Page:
Nonprofit, nonpartisan journalism. Supported by readers.


Medical exports from Minnesota register sharp drop

Minnesota’s exports of optic and medical products fell 10 percent, the only major product group in the state to show a decline.

For most things in Minnesota these days, good news is almost always matched by bad or worse news.

First the good news: the state’s exports in manufactured goods during the second quarter jumped 19 percent to $4.3 billion compared to the same period a year ago, according to the Department of Employment and Economic Development (DEED). So far this year, Minnesota is close to reaching pre-recessionary export levels.

Now the bad: optic and medical products fell 10 percent to $723 million — the only major product group in Minnesota to register a decline. Worse yet, sales of optic and medical products for the entire country rose 15 percent.

You don’t need to be an economic genius to realize this is bad. Minnesota’s medical device industry is a crucial component of the state’s economy, producing most of its growth and high-paying jobs.

Article continues after advertisement

On a national scale, the medical device industry is one of the few to produce a trade surplus. That’s why the Obama administration chose Medtronic Inc.’s headquarters in Fridley in June to promote its National Export Initiative — a push to encourage small-to-medium medical device companies to pursue emerging overseas markets like China, Japan, Eastern Europe and Latin America.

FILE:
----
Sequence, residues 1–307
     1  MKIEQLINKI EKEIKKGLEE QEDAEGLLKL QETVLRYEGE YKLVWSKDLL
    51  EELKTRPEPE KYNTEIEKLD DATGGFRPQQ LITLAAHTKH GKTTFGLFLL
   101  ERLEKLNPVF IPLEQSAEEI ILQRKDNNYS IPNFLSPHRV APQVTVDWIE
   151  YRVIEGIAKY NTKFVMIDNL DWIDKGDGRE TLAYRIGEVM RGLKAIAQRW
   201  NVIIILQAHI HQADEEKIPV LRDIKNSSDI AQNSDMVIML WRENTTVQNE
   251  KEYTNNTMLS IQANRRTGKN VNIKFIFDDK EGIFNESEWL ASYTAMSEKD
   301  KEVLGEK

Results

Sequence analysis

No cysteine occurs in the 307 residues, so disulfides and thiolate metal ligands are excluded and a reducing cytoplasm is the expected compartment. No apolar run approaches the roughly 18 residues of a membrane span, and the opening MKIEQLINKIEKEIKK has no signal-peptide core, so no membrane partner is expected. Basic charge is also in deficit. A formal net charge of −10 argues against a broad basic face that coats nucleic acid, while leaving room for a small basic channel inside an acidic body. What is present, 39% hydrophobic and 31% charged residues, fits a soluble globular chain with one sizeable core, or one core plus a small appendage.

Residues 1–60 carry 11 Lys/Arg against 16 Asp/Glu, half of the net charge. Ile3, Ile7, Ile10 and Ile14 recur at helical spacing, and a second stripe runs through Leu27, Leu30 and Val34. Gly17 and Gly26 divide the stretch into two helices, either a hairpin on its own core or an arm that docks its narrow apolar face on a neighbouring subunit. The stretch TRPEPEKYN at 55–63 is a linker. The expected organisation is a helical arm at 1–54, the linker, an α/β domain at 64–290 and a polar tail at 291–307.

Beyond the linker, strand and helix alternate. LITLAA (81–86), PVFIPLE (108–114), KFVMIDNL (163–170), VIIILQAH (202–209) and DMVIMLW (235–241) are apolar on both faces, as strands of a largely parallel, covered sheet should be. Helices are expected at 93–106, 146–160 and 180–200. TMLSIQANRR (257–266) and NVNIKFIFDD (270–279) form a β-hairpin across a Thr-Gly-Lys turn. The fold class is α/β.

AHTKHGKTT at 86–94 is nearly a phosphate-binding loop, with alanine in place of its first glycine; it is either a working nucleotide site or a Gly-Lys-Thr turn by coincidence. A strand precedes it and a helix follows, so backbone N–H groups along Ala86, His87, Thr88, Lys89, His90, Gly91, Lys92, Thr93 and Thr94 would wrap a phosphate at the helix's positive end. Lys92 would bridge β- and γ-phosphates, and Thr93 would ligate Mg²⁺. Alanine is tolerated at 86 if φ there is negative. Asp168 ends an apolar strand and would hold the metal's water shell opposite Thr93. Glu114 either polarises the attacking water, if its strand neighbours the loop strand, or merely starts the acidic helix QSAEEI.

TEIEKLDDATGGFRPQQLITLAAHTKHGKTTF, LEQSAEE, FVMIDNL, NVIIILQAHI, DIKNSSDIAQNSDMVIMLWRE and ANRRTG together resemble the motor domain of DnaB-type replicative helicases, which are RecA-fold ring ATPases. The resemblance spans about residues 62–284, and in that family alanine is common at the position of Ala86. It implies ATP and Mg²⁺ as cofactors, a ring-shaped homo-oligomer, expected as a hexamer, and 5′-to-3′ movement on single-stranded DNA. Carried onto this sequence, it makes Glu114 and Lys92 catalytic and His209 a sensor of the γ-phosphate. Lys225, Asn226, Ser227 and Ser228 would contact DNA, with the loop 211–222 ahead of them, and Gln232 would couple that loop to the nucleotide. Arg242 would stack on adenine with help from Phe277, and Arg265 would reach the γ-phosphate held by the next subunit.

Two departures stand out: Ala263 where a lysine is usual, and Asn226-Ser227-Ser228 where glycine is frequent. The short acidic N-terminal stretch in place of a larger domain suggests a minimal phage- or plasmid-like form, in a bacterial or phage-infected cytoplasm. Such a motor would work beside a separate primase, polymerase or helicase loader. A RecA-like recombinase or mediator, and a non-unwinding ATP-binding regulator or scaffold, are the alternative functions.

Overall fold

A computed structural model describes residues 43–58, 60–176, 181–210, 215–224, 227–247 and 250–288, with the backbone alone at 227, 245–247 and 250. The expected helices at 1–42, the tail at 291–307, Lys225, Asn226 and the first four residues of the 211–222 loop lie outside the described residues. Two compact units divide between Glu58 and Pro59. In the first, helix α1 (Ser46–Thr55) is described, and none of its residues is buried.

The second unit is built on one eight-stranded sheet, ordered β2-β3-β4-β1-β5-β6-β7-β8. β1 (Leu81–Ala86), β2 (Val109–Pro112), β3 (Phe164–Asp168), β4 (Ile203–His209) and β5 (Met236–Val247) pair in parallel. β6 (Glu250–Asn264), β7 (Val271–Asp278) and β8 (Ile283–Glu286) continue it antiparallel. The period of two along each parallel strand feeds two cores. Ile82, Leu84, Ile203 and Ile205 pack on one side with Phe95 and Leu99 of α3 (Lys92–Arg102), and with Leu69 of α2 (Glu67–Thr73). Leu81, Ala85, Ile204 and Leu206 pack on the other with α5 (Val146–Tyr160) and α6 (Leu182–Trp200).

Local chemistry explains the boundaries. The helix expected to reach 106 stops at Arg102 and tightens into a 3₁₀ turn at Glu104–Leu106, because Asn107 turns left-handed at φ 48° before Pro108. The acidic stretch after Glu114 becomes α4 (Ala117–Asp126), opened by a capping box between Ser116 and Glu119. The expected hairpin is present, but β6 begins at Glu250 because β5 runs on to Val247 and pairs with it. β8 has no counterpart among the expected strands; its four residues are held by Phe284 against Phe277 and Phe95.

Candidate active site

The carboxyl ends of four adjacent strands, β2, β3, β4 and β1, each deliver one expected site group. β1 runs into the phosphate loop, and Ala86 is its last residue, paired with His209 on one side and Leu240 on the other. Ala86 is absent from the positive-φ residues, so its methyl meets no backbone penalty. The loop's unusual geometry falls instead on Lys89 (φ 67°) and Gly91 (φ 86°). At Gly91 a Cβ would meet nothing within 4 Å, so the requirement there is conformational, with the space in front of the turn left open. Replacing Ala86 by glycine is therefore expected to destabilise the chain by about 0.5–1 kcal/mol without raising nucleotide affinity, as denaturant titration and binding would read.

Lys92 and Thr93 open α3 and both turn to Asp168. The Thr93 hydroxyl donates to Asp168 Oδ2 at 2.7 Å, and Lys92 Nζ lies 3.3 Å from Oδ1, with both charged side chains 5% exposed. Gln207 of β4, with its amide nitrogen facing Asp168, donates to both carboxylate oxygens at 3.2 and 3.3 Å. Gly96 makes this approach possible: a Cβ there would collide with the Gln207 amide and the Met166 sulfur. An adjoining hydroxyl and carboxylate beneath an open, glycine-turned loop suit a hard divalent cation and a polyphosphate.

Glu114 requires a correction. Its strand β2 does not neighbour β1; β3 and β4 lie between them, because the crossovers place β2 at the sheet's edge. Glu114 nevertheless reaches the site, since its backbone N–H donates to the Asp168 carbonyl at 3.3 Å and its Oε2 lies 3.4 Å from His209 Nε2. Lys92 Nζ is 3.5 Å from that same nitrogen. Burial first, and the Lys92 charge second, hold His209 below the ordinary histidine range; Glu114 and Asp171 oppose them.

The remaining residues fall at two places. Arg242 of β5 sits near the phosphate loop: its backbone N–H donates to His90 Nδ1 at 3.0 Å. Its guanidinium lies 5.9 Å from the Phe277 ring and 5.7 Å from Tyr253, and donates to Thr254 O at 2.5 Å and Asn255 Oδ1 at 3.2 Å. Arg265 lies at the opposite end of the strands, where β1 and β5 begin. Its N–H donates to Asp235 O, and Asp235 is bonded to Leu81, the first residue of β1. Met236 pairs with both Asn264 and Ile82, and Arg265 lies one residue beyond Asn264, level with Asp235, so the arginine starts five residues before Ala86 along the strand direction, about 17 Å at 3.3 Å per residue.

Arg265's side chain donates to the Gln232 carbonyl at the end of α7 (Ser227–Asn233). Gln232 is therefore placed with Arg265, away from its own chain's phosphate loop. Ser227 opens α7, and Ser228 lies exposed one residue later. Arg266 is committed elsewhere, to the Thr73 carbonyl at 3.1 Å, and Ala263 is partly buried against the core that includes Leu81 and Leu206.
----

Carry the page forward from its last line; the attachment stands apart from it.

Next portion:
The state report cited Ireland for the reason behind the drop in medical product sales. State exports to Ireland tumbled 51 percent to $109 million, dropping Ireland to Minnesota’s 13th largest market.

But the problem is not confined to Ireland. Last month, Medtronic sharply cut its fiscal 2011 profit and sales forecast after a weak first quarter, citing falling prices and less use of medical devices around the world.

“A softer global healthcare market impacted by decreased utilization and increased pricing pressure made for a difficult first quarter,” CEO Bill Hawkins said in a statement at the time.

In a later interview with Bloomberg News, Hawkins said Medtronic was surprised by the “magnitude of the market slowdown” in its spine and heart-rhythm device businesses, which accounted for more than half of sales.